Have you seen the number of YouTube views BMW achieved with their ‘drift-mob’ video in Cape Town? It runs into the millions, and growing.
Achieving surprise and telling a distinctive brand story need not be exorbitantly expensive. Kulula sets themselves apart with their inflight announcement. My all-time favourite is still: ‘In the event of an emergency, please put on your own oxygen mask before assisting your child. If you have more than one child, please pick your favourite now.’
This month, what if you challenged yourself to think about the key word ‘surprise’? What could your brand do that is unexpected and delightful, that will have people turning to one another and saying, ‘That was awesome!’, while still remaining true to your mission and vision? In fact, what if you started by looking over your mission statement, and then asked, ‘How could this be done in a way that is publicly surprising?’
Theatre can set you apart. It can make you what US speaker Joe Callaway calls, ‘A Category of One.’ And it only requires that you use a little imagination, then have the courage to be different on purpose. Your goal is simple, emotional impact. Wow factor. Nothing more intellectual than that.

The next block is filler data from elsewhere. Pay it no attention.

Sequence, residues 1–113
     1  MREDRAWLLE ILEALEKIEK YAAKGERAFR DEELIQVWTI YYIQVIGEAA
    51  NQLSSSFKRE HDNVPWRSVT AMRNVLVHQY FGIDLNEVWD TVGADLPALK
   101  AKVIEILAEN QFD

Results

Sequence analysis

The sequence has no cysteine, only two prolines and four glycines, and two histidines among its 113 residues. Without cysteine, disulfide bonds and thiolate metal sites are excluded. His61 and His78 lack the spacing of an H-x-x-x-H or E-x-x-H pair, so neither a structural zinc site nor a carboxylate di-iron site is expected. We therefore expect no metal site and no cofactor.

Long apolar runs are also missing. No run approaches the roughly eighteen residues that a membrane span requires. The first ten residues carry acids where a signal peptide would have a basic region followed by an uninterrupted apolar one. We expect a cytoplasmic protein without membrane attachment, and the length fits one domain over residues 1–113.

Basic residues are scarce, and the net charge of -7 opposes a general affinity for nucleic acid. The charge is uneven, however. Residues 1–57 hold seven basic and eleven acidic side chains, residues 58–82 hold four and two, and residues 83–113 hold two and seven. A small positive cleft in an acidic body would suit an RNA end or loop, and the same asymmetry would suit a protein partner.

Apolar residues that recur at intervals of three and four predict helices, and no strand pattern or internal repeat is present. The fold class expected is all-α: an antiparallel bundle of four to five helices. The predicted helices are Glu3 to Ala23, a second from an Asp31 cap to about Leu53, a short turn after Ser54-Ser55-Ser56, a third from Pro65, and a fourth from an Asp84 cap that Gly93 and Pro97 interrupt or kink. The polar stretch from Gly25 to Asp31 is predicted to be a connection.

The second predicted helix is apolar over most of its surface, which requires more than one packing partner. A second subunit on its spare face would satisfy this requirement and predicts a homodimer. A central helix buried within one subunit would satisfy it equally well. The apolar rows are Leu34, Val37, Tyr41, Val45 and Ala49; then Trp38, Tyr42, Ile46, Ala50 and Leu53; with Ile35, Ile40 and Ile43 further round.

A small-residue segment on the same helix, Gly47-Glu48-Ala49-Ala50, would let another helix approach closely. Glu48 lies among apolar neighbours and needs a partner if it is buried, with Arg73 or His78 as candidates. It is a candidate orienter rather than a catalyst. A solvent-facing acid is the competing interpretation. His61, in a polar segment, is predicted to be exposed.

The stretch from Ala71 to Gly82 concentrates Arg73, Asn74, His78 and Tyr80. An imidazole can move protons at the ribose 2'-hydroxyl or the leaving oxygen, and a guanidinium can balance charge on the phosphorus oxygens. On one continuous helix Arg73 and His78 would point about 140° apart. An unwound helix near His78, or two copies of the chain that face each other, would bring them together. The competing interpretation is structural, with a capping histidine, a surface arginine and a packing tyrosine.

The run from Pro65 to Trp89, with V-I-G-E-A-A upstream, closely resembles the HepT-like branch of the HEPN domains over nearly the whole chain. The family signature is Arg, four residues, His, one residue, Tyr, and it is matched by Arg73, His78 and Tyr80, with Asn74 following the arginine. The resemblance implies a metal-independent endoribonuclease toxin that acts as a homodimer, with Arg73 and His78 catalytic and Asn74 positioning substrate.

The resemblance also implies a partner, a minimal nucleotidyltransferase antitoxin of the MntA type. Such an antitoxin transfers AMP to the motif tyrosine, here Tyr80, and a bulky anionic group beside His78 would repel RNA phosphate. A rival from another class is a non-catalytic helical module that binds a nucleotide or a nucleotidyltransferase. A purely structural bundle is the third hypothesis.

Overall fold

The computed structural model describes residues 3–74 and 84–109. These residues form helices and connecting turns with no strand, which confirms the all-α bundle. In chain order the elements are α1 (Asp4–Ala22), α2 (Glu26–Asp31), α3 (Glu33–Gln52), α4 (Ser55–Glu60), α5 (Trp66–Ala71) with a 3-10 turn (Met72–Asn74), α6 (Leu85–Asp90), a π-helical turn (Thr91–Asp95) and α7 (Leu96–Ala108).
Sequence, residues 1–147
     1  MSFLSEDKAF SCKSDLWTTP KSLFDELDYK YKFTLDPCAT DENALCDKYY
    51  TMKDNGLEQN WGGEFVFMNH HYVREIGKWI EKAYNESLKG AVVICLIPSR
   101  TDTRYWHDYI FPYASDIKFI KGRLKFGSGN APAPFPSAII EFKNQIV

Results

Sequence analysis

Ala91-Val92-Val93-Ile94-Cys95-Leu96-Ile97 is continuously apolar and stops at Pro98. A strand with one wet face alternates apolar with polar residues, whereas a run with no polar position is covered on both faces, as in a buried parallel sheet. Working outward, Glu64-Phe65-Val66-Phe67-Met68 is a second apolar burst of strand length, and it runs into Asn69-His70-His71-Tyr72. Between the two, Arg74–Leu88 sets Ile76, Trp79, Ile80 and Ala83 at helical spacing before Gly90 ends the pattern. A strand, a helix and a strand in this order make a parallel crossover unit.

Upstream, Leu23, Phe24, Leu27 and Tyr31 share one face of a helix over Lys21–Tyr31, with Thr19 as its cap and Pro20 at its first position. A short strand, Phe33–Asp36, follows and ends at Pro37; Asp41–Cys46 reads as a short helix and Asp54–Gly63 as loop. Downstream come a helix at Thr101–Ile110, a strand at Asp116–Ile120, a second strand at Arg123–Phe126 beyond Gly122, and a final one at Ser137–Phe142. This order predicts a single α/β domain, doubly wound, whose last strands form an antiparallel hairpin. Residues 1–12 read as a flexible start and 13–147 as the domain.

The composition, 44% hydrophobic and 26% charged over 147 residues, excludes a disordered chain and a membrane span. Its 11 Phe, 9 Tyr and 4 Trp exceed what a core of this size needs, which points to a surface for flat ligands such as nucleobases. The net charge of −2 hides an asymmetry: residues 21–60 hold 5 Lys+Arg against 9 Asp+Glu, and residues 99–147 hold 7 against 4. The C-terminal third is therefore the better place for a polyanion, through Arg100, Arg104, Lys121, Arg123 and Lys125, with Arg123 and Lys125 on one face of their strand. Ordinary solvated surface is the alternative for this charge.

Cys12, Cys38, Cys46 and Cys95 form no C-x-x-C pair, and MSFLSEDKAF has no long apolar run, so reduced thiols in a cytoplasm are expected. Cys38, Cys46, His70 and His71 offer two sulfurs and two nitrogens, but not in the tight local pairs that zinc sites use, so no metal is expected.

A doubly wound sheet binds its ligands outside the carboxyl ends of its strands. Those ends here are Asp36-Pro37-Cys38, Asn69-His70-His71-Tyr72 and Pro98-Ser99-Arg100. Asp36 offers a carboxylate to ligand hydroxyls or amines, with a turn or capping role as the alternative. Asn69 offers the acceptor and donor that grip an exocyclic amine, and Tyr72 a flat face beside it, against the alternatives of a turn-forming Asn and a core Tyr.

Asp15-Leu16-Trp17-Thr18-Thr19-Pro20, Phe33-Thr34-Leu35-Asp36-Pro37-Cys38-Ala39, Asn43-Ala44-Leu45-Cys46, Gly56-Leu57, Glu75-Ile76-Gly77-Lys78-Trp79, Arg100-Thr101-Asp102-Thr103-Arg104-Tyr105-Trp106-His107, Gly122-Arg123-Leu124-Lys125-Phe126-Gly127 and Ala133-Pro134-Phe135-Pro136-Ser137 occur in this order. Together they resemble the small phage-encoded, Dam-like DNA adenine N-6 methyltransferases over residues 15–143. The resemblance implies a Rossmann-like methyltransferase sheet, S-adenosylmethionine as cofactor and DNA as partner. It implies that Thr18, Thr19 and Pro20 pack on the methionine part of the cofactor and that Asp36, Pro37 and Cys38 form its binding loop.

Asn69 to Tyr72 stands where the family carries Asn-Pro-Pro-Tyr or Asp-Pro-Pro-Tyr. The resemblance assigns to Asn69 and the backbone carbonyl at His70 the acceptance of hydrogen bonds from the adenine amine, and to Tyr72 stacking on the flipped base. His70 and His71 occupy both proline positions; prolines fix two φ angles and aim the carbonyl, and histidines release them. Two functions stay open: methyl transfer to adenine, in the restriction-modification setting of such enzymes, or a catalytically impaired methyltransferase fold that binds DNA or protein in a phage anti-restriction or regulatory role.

New toys for rule-breakers
There are many other opportunities for rule-breakers to create strategic disruption. You might ask why things have always been done in a certain way. You might carry out an exercise in which you ask what ideal end-usage looks like for your client, then challenge your team to try to achieve that goal, using the phrase, ‘Couldn’t we just …?’ You might even ask insightful questions about what you actually sell, and not what product you believe you’re selling. All of these are useful exercises for the courageous maverick, and all can lead to different forms of productive rule-breaking.
For this month, though, pose yourself this single challenge only: What could we do in our brand narrative that might have a Game of Thrones-level impact?
In our household, that looks like this:
- Douglas: ‘I can’t believe we keep watching this show!’
- Wife: ‘Me neither!’
- Douglas: ‘That was so shocking!’
- Wife: ‘Unbelievable.’
- Douglas: ‘Want to watch the next one?’
- Wife: ‘Absolutely!’
… And that’s what you’re after.